19 May 2024

New Caledonia unrest: Defence Force to bring New Zealanders home

11:04 am on 19 May 2024
Foreign Minister Winston Peters gives a speech to the New Zealand China Council amid debate over AUKUS.

Winston Peters. Photo: RNZ NICK MONRO

The Defence Force (NZDF) will fly into New Caledonia to bring home New Zealanders while commercial services are not operating.

Foreign Affairs Minister Winston Peters says New Zealand is waiting for the go-ahead from French authorities, based on safety.

"Ever since the security situation in New Caledonia deteriorated earlier this week, the safety of New Zealanders there has been an urgent priority for us," Peters wrote on X (formerly Twitter).

"NZ authorities have now completed preparations for flights using NZDF aircraft to bring home New Zealanders in New Caledonia while commercial services are not operating.

"We are ready to fly, and await approval from French authorities as to when our flights are safe to proceed."

Nouméa descended into chaos on Monday, with armed clashes between indigenous Kanak pro-independence protesters and security forces.

Peters urged any Kiwis in New Caledonia not already registered with SafeTravel to do so.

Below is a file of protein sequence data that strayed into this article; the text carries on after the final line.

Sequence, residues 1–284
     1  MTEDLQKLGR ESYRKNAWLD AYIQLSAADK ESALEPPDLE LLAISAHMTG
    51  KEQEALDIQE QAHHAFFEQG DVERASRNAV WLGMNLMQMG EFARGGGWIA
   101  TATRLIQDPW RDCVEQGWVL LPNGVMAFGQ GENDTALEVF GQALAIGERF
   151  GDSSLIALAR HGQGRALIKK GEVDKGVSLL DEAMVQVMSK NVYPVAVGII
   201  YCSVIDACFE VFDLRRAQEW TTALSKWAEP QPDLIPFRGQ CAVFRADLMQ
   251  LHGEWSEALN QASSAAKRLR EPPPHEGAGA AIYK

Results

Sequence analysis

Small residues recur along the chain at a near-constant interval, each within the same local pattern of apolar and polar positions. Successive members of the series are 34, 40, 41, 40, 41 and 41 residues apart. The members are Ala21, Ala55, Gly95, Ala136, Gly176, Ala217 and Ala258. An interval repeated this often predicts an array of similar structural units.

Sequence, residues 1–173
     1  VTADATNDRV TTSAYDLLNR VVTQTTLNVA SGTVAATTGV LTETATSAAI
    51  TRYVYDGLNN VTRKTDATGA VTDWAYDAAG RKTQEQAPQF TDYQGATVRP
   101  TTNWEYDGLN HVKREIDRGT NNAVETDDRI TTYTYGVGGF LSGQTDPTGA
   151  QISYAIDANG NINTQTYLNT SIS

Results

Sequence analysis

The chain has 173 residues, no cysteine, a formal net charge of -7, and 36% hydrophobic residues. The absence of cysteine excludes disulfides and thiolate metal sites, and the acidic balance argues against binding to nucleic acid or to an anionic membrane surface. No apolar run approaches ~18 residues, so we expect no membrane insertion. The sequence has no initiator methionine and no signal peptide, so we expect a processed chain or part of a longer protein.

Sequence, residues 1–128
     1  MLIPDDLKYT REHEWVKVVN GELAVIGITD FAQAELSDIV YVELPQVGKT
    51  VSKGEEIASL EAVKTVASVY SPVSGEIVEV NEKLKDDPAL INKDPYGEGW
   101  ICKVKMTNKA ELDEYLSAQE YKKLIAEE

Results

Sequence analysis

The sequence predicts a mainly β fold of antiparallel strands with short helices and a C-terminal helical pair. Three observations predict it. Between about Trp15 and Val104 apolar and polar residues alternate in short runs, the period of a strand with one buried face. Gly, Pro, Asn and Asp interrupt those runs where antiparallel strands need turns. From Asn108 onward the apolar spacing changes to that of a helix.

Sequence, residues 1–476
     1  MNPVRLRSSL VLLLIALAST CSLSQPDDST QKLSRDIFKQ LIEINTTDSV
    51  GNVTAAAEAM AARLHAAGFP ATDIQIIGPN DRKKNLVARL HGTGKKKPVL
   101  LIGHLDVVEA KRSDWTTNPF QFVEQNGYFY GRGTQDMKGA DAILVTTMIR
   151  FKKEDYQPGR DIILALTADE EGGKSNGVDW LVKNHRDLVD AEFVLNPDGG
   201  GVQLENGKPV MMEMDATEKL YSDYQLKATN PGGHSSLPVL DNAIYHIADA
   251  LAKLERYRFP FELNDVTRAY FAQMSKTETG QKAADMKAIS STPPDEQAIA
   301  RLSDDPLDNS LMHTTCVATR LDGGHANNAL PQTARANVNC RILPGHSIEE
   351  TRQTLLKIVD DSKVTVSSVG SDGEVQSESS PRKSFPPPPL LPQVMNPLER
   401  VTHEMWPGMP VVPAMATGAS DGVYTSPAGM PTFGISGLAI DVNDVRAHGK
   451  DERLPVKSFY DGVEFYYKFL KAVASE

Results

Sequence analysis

"Those already registered should update their details if their circumstances change."

The unrest was sparked by anger at a proposed new law that would allow French residents who have lived there for more than 10 years to vote - which some say will weaken the Kanak vote.

On Friday, New Zealanders stuck in New Caledonia's capital, Nouméa, told RNZ they felt abandoned by their own country, having received little help from the government.

Also on Friday, Air New Zealand confirmed it was forced to cancel its upcoming flights between Nouméa and Auckland on Saturday and Monday, with the airport in Nouméa closed until at least Tuesday.

There are currently 242 New Zealanders registered on SafeTravel as being in New Caledonia.

In a post on social media platform X, Australian Foreign Affairs Minister Penny Wong said the Australian government was "working with authorities in France and New Caledonia, and like-minded partners including New Zealand, to assess options for Australians to safely depart."

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